-A talented, offensive-minded defenseman for Anaheim to add to a prospect pool that features little after their pair of high-end Europeans (Sami Vatanen and Hampus Lindholm).
– Hartman is a high-effort player who can take the ice in any situation. He won’t be a top-line goal scorer, but he’ll fit well as a middle-six forward who can chip in wherever needed, much like Steve Ott.
– The Flames get a major boost to their defensive prospect pool with the selection of Robert Hagg. He’s a well-rounded player who has been likened to Detroit’s Niklas Kronwall. He plays strong in all three zones, and can quarterback the power play.
– Another forward might be the more prudent decision for Dallas at No. 29, but they may find it impossible to pass up the 6’7″ Morin. Paired with the 6’7″ Jamie Oleksiak, their 2011 first-round pick, somewhere down the line the Stars could have a towering set of blueliners anchoring their defense.
-There isn’t much Chicago needs, but it never hurts to add someone with Klimchuk’s scoring acumen to a team’s pipeline. At 5’10”, 176, Klimchuk isn’t a big player, but has plenty of skill and knows how to light the lamp. He notched 36 goals last year with Regina of the WHL.
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– They hit gold with one French-Canadian winger, Jonathan Huberdeau, in the 2011 draft; no harm in trying for the same kind of success at the top of the second round here.
– They passed on Seth Jones, but defense is still a concern. McCoshen could go higher, so the Avs get good value to go along with a “need” pick.
– Theodore’s just another defenseman who slips out of circumstance, not for lack of talent. He could certainly go in the first round, but if he slides this far Tampa Bay would do well to scoop him up.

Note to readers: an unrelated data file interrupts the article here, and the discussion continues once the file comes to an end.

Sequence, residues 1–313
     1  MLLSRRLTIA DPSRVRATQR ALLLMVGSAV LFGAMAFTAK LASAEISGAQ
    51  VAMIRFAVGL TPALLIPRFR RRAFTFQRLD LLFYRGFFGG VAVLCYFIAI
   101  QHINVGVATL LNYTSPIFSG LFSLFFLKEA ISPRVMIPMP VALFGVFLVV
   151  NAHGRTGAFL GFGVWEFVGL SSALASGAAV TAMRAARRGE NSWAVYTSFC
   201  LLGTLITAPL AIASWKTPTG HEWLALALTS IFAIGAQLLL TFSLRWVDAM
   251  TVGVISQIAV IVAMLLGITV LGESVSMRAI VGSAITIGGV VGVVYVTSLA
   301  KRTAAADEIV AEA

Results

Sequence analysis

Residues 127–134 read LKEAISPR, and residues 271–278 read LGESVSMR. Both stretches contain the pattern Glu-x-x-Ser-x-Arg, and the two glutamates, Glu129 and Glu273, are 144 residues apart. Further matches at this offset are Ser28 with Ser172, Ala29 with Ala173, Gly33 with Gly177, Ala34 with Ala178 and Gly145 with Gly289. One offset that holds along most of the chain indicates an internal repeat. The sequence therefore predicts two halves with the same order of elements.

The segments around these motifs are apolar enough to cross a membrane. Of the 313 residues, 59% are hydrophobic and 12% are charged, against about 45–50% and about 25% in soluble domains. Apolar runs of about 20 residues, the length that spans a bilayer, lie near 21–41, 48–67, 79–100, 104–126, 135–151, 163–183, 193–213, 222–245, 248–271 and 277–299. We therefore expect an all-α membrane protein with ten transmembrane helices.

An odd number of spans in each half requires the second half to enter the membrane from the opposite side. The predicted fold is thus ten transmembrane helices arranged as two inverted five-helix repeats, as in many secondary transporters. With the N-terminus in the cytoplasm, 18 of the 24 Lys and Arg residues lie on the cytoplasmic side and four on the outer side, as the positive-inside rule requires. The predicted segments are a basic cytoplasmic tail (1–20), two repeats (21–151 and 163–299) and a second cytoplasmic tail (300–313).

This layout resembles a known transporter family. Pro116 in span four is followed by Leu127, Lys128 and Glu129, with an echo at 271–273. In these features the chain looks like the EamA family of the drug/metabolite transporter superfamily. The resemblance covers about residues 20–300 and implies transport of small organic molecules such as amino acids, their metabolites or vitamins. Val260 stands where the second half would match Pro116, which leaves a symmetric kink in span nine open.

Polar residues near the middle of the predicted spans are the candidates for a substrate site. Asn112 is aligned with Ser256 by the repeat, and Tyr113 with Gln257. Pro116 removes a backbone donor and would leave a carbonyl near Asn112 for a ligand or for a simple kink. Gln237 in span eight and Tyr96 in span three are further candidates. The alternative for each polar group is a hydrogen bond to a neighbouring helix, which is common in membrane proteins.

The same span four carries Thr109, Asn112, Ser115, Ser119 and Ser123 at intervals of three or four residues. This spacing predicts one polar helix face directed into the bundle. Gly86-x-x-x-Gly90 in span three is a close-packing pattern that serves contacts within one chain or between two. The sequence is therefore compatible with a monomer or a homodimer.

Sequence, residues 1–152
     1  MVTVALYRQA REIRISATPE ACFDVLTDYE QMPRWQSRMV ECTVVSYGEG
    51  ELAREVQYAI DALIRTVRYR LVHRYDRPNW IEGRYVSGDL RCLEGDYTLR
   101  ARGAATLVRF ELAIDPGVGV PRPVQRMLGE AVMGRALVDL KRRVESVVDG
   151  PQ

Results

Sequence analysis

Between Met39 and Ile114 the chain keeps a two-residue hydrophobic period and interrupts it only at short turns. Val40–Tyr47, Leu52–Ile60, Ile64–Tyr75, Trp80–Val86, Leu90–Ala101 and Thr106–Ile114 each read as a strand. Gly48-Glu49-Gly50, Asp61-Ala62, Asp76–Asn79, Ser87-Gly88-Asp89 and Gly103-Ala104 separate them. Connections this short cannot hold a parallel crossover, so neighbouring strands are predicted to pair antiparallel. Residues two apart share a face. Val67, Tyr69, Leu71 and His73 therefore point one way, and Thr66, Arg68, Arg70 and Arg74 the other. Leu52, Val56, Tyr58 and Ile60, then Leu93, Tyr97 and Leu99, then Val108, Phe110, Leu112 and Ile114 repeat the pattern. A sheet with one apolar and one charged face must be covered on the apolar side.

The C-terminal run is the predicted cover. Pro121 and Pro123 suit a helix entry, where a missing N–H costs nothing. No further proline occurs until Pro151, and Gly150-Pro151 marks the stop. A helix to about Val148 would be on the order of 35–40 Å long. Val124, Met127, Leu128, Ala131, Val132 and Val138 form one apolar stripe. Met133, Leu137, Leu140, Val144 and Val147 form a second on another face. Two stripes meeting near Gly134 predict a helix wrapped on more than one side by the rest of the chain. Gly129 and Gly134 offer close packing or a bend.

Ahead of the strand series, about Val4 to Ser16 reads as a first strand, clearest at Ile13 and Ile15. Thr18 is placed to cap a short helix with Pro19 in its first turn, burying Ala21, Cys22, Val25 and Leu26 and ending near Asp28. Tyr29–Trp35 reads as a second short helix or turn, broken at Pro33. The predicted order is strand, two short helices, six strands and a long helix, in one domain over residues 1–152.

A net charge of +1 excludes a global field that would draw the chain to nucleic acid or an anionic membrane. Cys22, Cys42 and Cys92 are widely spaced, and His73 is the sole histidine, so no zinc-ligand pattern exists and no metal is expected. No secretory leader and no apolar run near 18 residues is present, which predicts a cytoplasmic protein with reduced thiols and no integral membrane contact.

– Never a bad idea for Montreal to tap into the local pipeline. Dauphin’s still a couple years away from being NHL ready, but he’s already showing a penchant for being able to come through in the clutch (tied for the QMJHL league lead with nine game-winners).
– If Carolina doesn’t trade down from No. 5 in the first round to grab a defenseman, they’ll surely use their second-round choice on a blueline prospect.
– Another forward for Montreal. Tough to say anything against it though- they’re already stacked on defense with guys like Nathan Beaulieu, Jarred Tinordi and Dalton Thrower. Dickinson will add a nice left-handed shot to their prospect pool.
– A do-it-all grinder who should add some much-need grit to this Edmonton squad. Needs to add some weight, but should be in the lineup within two years.
– Buffalo’s could use some size on the wing, and hometown kid Justin Bailey can do just that. He’s only 18, but is already a solid 6’3″ 185. Bailey’s got the potential to turn into a good power forward down the line.
– The Devils don’t have much up the middle at either the professional or developmental level. If they don’t add a center with the No. 9 pick, they should do so in the second round.
– Like Shinkaruk at No. 10, Dallas adds a smallish winger with great playmaking ability by snatching Lehkonen with their first pick in the second round. He’s only 5’10”, 160, so he will need to add weight before making the jump to the NHL, but he offers skills that could make him a steal down the line.
– After going defense in the first round, Philadelphia can grab Compher here to bolster a developmental forward group that doesn’t have much after last year’s first-round pick, Scott Laughton.
– Another winger for a team that needs one. He’s a year or two away, but could up as a nice middle-six player with goal scoring potential for Phoenix.
– Winnipeg will have to wait on Buchnevich, as he’s going to play at least the next two years in Russia, but he’s got all the tools to make their gamble pay off.